FNI: Which markets (geographically) would products from the baby food plant be made available to?
Eckert: In future, powdered baby milk formula will be produced and packaged at the site.
The diverse formulas will be filled in a wide variety of packaging, from metal cans to a new, innovative packaging – the myHumana Pack – for global markets.
We are represented in more than 50 markets by our Humana brand.
We are represented locally with our own European sales units in Germany, Poland, Spain, Portugal and Italy.
Further, our sales units are located in China, Russia and Dubai.
Our activities focus on Western Europe, Central and Eastern Europe, GIS, Gulf Cooperation Council, Asia and the Middle East and North Africa region.
There, we focus on Humana milk foods and on food supplements for mothers, babies and toddlers.
Our infant food range caps off our product portfolio.
Since the establishment of the DMK Baby business unit in 2013, we have been pursuing this direction continuously and sustainably within the DMK Group, which has been successful.
This can be seen, for example, in the hard-fought European market of Italy, where DMK and its Humana brand is now the market leader in specialty milk and infant milk formula.
All other baby milk segments are also showing continuous growth. The restructuring has also underscored the double-digit growth figures from the international markets.
FNI: How is packaging important to the baby food product offering?
Eckert: The packaging is an important component of the product range.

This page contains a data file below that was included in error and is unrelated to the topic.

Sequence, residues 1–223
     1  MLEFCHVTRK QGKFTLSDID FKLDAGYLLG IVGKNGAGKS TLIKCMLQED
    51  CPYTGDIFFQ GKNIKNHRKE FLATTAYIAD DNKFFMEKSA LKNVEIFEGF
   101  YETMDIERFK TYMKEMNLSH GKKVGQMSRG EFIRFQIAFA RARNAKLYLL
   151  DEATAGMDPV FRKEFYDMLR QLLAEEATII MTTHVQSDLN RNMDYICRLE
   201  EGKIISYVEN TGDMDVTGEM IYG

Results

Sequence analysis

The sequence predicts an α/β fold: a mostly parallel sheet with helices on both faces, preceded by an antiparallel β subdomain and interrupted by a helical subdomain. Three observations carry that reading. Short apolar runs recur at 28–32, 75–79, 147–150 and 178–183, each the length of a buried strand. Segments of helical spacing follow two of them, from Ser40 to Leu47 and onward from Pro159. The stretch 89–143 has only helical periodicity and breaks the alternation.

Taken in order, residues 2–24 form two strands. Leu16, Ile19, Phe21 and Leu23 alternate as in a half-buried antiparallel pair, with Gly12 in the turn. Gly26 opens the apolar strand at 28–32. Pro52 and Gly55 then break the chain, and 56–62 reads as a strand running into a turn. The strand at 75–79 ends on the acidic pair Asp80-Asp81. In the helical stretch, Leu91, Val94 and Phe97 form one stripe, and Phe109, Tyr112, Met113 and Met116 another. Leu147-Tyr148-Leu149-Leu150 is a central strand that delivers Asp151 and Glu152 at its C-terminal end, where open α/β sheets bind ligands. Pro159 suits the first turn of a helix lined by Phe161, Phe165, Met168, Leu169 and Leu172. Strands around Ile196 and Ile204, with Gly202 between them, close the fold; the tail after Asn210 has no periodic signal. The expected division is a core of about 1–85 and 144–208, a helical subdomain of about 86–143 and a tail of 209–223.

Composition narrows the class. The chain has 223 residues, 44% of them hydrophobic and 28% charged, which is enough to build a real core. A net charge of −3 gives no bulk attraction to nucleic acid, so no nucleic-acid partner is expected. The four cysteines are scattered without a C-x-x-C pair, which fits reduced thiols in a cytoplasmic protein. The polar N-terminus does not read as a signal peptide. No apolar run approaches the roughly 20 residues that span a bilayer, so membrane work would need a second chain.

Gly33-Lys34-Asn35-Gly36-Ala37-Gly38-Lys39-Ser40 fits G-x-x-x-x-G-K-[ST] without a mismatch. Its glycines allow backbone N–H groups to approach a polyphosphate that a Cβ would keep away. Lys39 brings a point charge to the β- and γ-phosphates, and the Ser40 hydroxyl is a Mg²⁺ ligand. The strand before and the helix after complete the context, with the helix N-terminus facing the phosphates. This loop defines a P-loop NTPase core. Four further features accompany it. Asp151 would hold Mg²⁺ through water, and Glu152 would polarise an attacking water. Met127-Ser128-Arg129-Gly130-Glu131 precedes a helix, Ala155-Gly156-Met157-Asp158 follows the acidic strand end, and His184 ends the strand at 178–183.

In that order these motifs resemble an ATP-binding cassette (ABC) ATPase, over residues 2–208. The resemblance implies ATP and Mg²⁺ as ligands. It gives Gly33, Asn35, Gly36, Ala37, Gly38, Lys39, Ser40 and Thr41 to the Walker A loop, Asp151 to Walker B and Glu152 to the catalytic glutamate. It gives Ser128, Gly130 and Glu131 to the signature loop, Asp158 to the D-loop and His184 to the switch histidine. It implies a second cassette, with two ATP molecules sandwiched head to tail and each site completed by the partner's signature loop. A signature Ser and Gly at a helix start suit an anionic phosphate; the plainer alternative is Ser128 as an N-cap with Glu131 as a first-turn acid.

In order to understand what mothers want and how to provide them with optimal support as they care for their little ones, we asked mothers the world over to describe what is important to them.
More than 6,700 mothers responded clearly: safety, convenience of use, an appealing design, the perfect dosing system and protection against bacteria.
Our answer has been a new packaging that makes it possible to prepare baby formula more safely, hygienically and simply than ever before.
The tamper-evident seal ensures that the package is unopened before use.
A protective membrane and moisture and oxygen barriers keep the powder fresh until it is opened for the first time.
The large opening also prevents the powder from coming into contact with skin unnecessarily.
The packaging is easily opened and reclosed with a click.
The ergonomic packing means that the bottle can be prepared with just one hand.
The handy measuring spoon is always at hand in the integrated spoon holder – and the scraper edge helps to precisely measure the powder so the baby gets exactly the amount it needs for its individual development stage.
FNI: What makes a successful baby food product?
Eckert: The composition of baby formula in Europe is tightly regulated with regard to quality standards and food law requirements.
In different parts of the world there are other quality standards and specific formulation requirements.
Following the “think globally, act locally” philosophy, these requirements are reflected in our regional milk portfolios for our markets.
Our global market research findings show that mothers all over the world have the same core values.
Baby formula must be safe, good for their children and designed to meet the specific needs of each developmental stage.